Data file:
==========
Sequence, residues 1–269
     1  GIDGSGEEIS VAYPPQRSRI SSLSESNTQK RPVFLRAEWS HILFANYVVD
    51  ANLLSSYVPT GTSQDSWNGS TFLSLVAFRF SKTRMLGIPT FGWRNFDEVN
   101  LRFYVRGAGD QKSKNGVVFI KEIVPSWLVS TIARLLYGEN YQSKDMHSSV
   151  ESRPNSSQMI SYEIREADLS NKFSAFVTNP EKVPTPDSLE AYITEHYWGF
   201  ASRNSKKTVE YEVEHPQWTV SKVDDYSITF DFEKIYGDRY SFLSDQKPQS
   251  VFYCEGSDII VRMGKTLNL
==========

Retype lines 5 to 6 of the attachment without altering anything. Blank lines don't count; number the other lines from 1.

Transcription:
   151  ESRPNSSQMI SYEIREADLS NKFSAFVTNP EKVPTPDSLE AYITEHYWGF
   201  ASRNSKKTVE YEVEHPQWTV SKVDDYSITF DFEKIYGDRY SFLSDQKPQS